Connect with us

Hi, what are you looking for?

Mental Health

Why Forgiveness Matters for Mental Health

Many things influence your mental health: your genes, your upbringing, your relationships, your finances, your housing and your employment. But whatever combination of factors are influencing you, good mental health also depends on your attitude. There have been many studies to try and work out why some people with a traumatic past or a terrible upbringing still manage to be happy, mentally healthy individuals. There’s no single answer, but most people with positive mental health share an ability to feel good about themselves, to see the best in others and to accept the possibility of change. All of these things are involved in the process of forgiveness.

Forgiveness matters for mental health because it allows you to move on from your past mistakes. This is true whether you’re being forgiven by another person or you’re forgiving yourself. In fact, being able to forgive yourself is essential for good mental health, because if you can’t do that then you’re unlikely to accept forgiveness from others. Each year around one in seven people experience anxiety, depression or both. Being able to forgive yourself won’t cure these conditions, but it will help you manage them. Anxious and depressed thinking deals in absolutes: “I’m a terrible person” or “Awful things are going to happen.” Thinking that is more focused on forgiveness encompasses change and flexibility: “I’m not the same person I used to be” and “I have the capacity for change.” Forgiveness allows you to look at yourself with hope. This is exactly the opposite of depression and anxiety, which portrays you as horrible and hopeless.

Forgiveness matters for mental health because it enables positive relationships with others. Support from other people is a strong predictive factor for good mental health. Many people with mental health problems know that social isolation makes their situation worse. You’re less likely to feel isolated if you have someone to talk to that you trust. But trust and sharing must include forgiveness. Without the ability to leave the past behind and without a willingness not to hold someone’s previous behavior against them, it’s not possible to have a genuine, open and trusting relationship. If you are prepared to forgive others, they’ll be more likely to admit their mistakes. If someone else is prepared to forgive you, you’ll be better able to move on and change.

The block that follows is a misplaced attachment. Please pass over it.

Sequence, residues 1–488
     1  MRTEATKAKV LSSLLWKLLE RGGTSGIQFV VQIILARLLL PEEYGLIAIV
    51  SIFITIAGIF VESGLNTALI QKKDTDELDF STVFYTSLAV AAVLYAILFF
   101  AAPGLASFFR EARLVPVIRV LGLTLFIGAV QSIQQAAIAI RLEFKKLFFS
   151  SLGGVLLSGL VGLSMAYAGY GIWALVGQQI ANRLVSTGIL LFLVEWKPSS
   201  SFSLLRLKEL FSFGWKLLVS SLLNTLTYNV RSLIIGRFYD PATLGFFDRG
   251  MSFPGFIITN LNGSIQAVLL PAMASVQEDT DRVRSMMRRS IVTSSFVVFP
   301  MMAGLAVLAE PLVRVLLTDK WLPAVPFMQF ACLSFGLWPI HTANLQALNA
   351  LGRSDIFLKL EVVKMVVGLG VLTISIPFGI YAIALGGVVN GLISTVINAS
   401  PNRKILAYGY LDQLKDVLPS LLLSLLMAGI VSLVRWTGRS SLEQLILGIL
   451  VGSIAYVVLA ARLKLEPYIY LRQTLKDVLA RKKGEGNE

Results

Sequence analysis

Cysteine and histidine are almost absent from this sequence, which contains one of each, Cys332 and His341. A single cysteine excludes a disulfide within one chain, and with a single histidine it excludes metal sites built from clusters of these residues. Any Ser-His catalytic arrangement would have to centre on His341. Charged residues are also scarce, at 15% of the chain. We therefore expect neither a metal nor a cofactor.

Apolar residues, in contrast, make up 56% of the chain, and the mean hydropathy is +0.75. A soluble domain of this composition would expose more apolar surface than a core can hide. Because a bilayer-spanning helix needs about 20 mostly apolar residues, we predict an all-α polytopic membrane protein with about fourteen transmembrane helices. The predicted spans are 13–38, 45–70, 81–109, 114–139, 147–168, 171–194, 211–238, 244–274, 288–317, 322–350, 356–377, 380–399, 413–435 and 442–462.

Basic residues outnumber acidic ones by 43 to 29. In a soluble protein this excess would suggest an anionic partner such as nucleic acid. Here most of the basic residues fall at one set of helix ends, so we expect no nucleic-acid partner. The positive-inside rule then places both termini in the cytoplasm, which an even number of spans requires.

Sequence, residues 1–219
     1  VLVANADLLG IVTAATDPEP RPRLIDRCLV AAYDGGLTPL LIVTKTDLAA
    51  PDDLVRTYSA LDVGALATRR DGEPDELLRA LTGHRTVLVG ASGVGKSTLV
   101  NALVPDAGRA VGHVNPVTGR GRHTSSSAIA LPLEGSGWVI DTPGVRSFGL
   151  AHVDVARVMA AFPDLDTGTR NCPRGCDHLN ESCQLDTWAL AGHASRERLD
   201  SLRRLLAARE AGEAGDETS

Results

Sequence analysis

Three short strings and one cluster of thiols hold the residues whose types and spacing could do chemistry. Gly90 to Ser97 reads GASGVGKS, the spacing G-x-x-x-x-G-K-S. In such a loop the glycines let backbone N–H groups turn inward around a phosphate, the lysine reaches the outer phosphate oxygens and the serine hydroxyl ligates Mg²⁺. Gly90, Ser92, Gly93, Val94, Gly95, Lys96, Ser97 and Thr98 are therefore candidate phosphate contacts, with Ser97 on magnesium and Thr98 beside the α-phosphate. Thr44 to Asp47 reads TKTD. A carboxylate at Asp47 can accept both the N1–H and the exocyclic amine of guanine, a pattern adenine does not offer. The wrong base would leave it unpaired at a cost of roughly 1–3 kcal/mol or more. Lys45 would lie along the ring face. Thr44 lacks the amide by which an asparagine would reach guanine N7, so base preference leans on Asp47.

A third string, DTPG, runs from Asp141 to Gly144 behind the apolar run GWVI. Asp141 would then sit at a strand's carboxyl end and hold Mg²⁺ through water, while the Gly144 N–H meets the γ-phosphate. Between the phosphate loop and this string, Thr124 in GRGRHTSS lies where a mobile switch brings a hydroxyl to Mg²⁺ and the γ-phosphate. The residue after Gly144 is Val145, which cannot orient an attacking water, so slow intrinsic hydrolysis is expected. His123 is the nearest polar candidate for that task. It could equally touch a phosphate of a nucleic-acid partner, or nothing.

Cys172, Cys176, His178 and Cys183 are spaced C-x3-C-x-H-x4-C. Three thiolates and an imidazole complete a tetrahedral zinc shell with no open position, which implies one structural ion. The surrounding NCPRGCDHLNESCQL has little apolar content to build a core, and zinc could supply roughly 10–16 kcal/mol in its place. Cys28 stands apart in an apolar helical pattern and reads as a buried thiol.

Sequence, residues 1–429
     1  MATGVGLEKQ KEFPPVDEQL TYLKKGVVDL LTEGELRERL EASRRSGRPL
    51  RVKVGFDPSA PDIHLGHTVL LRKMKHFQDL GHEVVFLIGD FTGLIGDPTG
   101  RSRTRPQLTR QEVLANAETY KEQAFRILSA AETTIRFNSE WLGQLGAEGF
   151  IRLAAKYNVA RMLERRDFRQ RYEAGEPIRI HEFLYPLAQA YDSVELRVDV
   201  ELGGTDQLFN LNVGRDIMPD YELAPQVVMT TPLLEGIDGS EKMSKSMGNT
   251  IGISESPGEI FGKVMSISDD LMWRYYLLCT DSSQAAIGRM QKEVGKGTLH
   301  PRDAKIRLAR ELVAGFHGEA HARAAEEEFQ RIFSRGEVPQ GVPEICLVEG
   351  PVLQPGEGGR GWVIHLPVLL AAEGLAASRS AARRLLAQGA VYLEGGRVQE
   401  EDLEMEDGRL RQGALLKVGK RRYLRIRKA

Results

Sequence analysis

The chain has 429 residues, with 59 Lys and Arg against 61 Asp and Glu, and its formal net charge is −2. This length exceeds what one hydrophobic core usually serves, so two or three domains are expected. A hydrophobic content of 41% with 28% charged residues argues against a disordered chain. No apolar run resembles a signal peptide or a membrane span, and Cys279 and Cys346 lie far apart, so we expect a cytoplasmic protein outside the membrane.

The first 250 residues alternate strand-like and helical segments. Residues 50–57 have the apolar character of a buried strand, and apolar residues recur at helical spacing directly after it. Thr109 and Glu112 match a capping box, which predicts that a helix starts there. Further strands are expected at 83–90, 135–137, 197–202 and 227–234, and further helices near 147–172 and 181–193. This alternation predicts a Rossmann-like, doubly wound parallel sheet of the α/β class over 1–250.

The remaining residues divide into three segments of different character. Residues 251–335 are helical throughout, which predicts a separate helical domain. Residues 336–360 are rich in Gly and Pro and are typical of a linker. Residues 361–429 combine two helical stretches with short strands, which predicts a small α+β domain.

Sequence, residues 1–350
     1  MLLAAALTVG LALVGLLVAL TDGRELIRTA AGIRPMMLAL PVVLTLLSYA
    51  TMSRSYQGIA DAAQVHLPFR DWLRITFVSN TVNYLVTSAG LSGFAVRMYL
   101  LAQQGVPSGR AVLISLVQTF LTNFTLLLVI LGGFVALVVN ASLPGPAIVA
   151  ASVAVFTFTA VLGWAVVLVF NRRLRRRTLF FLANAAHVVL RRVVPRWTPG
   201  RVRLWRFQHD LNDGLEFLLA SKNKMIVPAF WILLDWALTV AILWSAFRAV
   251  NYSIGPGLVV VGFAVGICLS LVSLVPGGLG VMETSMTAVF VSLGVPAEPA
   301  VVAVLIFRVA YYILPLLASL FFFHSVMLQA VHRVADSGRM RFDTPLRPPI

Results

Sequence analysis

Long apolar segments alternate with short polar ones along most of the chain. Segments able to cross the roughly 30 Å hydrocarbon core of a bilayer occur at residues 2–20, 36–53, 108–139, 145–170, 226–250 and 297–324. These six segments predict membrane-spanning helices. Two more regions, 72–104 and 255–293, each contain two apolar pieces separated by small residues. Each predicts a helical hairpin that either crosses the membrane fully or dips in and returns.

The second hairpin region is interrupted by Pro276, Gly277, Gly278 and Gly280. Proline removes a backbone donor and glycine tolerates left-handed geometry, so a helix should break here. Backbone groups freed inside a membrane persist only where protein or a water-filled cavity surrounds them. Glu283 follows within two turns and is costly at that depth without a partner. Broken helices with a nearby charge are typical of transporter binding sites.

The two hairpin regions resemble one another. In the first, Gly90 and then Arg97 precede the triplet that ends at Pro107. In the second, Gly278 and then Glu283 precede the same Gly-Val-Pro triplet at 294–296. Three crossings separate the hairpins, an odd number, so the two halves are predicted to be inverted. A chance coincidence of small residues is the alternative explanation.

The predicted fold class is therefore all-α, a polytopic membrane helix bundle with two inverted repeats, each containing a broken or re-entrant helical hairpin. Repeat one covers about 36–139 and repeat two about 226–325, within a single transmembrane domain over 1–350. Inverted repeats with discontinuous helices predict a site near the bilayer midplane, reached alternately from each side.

Forgiveness matters for mental health precisely because it’s so closely related to change. To forgive someone is to acknowledge that things are no longer the same. They might have hurt you in the past, but you no longer think of them as a hurtful person. You can’t do that unless you believe that change is possible. Where anxiety sees the future as fixed and depression sees it as dreadful, forgiveness sees it as full of potential. Many people with mental health problems say that they feel stuck. Forgiveness, in essence, means letting go of past hurt. Forgiving other people or yourself won’t solve every problem in your life, but it’s certainly easier to stop being stuck if you’re prepared to let go. Being able to forgive other people and forgive yourself enables you to have a more positive self-image, to build stronger relationships and to embrace the opportunity to change. All of these things are part of good mental health. If you do have mental health problems, seek professional help and advice. But remember that it’s more difficult to get to a positive future if you’re holding on to a negative past.


You May Also Like


Are you plagued by FOMO — “fear of missing out”? Then silencing your smartphone may not be the stress-buster you think it is. That’s...

Mental Health

Zoom meetings became the lifeblood of many workplaces during pandemic, but a new study points to a downside: They may limit employees’ capacity for...

Mental Health

If you suffer from headaches, you have plenty of company. Headaches afflict half of the world’s population, and women are more likely to get...

Mental Health

You used to be able to make snap judgments in your 20s, but now it feels like you take a lot longer to react...

Get our wellness newsletter

Filter out the noise and nurture your inbox with health and wellness

advice that’s inclusive and rooted in medical expertise.